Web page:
The young 19 year old rookie originally made himself the fastest car in the first sweep through among the Honda drivers. But, it’s wasn’t just that, it was his skill and bravery too.
At the hottest part of the day when the track was at its worse, Herta went the fastest. Then, he risked it in the 4 o’clock hour to go back out again and he not only improved, he broke up the Penske party up front.
Herta, went from P8 to P5 which made him in my mind the most impressive driver of the day.
Drama Filled Day
Saturday was as advertised. Normally, we don’t see qualifying all the way through a session at Indy. After the field goes through once, you typically have a lull where some drivers go back to the garage for adjustments then come back out for another try later.
With today being as hot as it was, you would have thought we’d go a bit without a car on track. Instead, it was the far opposite.
We saw qualifying literally all day as the field was so close, it was constant bumping for 30th. We saw Fernando Alonso attempt to make the field five times as he was bumped a couple times in fact but could never get far enough up to remain there.
You have sleeper teams like Clauson Marshall Racing and DragonSpeed making it in while teams like McLaren and Arrow Schmidt Peterson Motorsports are out.
This day was as good as it gets.
Tight Speed Differential
Only two cars got over 230 mph in the four lap average department on Saturday. Six more got into 229 mph. From Pigot (230.083 mph) to Rossi (229.268 mph), the top eight were separated by just .815 mph.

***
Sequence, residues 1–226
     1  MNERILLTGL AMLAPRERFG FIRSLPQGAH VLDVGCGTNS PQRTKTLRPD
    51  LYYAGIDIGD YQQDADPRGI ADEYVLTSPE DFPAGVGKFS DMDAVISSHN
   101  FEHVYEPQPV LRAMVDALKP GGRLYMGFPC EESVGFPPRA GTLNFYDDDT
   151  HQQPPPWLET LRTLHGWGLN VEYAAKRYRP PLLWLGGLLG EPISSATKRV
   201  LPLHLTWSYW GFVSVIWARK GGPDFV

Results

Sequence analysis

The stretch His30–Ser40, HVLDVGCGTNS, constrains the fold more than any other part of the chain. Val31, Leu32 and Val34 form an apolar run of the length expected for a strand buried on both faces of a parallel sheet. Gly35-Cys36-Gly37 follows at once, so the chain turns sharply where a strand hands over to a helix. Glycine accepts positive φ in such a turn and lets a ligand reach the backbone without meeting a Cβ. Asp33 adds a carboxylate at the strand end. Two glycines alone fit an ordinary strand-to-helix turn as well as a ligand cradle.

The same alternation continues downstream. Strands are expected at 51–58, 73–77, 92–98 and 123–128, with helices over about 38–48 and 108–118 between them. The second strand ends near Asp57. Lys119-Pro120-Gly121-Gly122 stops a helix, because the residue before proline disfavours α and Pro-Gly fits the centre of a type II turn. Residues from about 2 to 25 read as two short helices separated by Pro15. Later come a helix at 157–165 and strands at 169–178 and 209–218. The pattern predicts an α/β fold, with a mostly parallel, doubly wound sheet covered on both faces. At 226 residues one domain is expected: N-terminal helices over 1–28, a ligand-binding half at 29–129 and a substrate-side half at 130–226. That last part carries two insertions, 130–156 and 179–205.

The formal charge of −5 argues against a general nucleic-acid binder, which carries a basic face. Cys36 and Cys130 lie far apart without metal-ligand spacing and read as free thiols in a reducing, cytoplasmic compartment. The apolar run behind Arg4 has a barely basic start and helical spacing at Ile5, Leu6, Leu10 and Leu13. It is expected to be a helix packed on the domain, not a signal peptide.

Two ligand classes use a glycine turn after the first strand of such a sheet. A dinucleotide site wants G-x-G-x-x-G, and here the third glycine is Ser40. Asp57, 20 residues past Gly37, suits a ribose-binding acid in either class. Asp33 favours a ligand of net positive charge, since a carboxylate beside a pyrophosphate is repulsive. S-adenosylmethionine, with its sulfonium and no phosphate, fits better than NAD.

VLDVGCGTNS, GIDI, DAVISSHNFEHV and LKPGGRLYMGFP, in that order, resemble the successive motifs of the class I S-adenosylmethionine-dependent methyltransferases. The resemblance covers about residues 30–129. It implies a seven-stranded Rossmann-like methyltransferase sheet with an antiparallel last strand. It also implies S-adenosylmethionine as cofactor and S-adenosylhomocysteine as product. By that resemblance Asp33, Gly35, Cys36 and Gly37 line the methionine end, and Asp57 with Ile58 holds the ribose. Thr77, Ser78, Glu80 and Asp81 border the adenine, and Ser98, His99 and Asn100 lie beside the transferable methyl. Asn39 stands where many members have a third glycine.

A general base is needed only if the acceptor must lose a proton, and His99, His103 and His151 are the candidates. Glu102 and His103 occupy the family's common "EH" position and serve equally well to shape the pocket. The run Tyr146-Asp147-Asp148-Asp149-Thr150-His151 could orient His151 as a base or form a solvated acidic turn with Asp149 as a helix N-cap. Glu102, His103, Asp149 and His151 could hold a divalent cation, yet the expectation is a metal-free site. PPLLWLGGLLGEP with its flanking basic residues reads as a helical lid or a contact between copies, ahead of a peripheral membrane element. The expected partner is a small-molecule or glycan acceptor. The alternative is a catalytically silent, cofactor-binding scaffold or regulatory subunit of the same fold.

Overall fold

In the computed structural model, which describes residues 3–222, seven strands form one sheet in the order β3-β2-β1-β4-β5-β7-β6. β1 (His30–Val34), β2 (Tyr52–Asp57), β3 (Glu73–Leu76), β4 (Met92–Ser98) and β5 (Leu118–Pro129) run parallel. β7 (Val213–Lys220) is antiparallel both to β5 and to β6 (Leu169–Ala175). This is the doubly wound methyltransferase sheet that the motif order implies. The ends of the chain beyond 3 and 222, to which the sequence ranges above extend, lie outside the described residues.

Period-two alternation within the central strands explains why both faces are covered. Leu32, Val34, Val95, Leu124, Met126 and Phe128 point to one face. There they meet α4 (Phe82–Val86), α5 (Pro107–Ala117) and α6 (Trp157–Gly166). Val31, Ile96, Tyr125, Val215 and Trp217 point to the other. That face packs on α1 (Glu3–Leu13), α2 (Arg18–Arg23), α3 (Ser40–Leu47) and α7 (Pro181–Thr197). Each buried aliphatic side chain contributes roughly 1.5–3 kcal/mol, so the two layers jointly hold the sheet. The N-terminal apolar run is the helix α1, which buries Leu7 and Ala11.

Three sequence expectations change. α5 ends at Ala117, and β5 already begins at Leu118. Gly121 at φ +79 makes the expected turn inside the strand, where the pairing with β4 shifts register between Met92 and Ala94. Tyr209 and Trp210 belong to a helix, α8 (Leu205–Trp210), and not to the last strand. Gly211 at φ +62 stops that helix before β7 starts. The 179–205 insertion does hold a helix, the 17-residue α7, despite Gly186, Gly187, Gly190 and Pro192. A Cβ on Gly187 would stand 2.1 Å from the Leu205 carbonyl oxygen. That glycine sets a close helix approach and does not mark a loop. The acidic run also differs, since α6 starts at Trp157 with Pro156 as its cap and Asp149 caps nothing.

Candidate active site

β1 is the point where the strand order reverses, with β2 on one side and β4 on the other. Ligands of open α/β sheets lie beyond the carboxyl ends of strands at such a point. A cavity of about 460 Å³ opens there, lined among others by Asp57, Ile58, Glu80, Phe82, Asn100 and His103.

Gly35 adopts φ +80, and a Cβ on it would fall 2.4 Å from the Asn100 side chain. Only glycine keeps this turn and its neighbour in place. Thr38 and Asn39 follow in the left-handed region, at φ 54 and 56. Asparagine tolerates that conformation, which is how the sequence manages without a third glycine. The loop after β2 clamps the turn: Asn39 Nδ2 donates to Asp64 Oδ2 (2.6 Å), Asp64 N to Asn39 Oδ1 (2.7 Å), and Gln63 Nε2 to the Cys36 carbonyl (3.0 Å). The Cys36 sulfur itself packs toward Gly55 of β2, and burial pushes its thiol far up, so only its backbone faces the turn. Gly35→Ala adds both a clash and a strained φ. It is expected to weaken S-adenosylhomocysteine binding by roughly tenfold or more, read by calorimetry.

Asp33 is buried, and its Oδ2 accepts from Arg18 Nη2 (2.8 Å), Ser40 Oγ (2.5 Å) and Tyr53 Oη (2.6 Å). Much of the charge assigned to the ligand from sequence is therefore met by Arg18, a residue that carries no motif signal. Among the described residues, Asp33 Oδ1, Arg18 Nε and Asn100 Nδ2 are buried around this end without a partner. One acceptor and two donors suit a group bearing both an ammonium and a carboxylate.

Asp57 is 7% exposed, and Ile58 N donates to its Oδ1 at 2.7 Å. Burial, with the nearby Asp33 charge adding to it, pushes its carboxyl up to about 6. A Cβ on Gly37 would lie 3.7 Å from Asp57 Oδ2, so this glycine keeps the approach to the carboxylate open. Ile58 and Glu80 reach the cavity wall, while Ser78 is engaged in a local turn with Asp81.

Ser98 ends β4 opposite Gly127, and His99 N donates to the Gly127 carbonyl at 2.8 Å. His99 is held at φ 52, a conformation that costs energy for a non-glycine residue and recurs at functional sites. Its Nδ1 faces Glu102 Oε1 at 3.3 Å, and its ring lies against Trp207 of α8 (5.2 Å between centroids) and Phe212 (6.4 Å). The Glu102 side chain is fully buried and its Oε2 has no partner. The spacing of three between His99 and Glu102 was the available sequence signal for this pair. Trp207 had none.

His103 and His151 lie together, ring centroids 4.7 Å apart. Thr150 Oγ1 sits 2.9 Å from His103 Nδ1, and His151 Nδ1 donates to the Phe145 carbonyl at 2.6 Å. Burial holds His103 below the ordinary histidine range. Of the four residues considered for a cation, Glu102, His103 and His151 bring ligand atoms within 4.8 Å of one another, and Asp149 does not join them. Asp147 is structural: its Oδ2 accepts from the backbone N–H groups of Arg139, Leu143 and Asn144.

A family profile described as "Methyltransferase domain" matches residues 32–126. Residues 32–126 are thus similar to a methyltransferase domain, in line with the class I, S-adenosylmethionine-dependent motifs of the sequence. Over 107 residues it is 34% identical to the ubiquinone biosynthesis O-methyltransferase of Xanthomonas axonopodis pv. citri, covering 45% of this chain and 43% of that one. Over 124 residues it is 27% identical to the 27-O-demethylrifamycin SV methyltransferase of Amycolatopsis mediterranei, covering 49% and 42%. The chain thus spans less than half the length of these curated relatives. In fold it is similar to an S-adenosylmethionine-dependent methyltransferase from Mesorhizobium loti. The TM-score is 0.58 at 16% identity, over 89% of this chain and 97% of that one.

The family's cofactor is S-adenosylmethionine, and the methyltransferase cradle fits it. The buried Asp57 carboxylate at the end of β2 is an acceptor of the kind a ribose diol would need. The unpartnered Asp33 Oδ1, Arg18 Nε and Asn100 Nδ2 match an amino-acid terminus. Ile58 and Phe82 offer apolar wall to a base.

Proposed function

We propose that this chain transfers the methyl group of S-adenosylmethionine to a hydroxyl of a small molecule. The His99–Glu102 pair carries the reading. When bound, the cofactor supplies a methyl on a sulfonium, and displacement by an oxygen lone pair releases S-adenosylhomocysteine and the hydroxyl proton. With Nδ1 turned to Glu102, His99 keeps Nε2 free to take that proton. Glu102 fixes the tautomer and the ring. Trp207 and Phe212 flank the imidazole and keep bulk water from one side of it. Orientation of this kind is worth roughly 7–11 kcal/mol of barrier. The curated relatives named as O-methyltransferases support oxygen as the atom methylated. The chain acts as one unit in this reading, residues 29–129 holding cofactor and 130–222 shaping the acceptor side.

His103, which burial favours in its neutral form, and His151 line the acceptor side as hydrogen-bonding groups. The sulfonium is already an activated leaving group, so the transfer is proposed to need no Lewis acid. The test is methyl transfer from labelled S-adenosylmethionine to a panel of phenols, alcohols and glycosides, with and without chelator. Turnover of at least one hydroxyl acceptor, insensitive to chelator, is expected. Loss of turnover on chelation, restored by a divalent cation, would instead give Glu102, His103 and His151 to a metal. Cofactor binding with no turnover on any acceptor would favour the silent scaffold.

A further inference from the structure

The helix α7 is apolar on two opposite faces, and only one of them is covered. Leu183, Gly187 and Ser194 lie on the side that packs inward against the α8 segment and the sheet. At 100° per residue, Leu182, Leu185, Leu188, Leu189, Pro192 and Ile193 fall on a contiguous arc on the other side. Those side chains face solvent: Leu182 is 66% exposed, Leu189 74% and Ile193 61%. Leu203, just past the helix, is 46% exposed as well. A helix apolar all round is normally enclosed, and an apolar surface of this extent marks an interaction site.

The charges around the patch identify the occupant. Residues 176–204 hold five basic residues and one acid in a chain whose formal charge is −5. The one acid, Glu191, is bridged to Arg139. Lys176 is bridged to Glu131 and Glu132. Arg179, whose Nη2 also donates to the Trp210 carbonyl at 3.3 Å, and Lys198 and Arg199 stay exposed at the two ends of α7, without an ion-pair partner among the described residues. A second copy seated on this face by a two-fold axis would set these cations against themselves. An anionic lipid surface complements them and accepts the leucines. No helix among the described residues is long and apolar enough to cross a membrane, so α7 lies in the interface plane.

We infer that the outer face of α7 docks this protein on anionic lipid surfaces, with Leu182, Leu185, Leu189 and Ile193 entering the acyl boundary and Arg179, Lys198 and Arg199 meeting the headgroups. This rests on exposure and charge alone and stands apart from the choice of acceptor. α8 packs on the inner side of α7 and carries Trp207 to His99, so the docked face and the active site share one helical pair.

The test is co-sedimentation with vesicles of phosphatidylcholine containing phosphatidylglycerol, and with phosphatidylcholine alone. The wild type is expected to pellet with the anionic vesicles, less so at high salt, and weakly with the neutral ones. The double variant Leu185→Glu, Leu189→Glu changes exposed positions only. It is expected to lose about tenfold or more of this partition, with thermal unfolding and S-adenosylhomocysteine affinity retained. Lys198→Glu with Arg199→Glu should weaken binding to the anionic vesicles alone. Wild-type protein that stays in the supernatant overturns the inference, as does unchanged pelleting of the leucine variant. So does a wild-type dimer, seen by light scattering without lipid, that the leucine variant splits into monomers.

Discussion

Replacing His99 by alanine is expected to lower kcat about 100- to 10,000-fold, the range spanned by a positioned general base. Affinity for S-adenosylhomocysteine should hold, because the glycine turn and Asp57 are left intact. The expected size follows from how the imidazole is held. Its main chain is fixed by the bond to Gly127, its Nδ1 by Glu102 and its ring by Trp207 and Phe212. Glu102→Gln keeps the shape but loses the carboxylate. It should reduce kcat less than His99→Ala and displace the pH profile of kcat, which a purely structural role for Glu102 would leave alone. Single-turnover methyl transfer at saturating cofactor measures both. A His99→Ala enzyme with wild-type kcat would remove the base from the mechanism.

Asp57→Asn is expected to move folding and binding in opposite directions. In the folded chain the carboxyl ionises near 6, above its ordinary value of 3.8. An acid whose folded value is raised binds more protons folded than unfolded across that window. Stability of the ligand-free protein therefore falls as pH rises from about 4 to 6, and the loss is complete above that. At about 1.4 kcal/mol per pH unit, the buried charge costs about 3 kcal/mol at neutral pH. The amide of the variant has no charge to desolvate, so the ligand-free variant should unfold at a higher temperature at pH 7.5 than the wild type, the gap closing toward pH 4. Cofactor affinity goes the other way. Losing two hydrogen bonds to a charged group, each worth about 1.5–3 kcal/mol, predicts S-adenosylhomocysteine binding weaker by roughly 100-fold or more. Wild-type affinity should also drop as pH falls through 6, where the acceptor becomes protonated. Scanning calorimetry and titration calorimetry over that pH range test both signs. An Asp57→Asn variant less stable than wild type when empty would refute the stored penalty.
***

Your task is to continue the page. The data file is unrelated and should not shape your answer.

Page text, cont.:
But, just look at the gaps elsewhere.
Bourdais (228.800 mph) narrowly beat Marco Andretti (228.756 mph) by just 0.044 mph. Pippa Mann (227.244 mph) just barely topped Fernando Alonso (227.224 mph) by 0.02 mph.
Those gaps are extremely small margins.
The bubble to get into the Fast Nine this year was nearly 229 mph. That’s impressive. What about the bubble to get into the show in general? It was 227.244 mph.
Can you imagine having to average 227 mph just to get into the top 10 Rows?
21 Pigot 230.083
12 Power 230.081
22 Pagenaud 229.854
2 Newgarden 229.749
88 Herta R 229.478
63 Jones 229.440
20 Carpenter 229.349
27 Rossi 229.268
18 Bourdais 228.600
Row 4: Marco Andretti, Conor Daly, Helio Castroneves
Row 5: Marcus Ericsson R, Takuma Sato, James Davison
Row 6: Tony Kanaan, Graham Rahal, Scott Dixon
Row 7: Oriol Servia, Charlie Kimball, JR Hildebrand
Row 8: Ryan Hunter-Reay, Santino Ferrucci R, Matheus Leist
Row 9: Jack Harvey, Jordan King R, Ben Hanley R
Row 10: Zach Veach, Felix Rosenqvist R, Pippa Mann
Patricio O’Ward, Max Chilton, Sage Karam, James Hinchcliffe, Fernando Alonso, Kyle Kaiser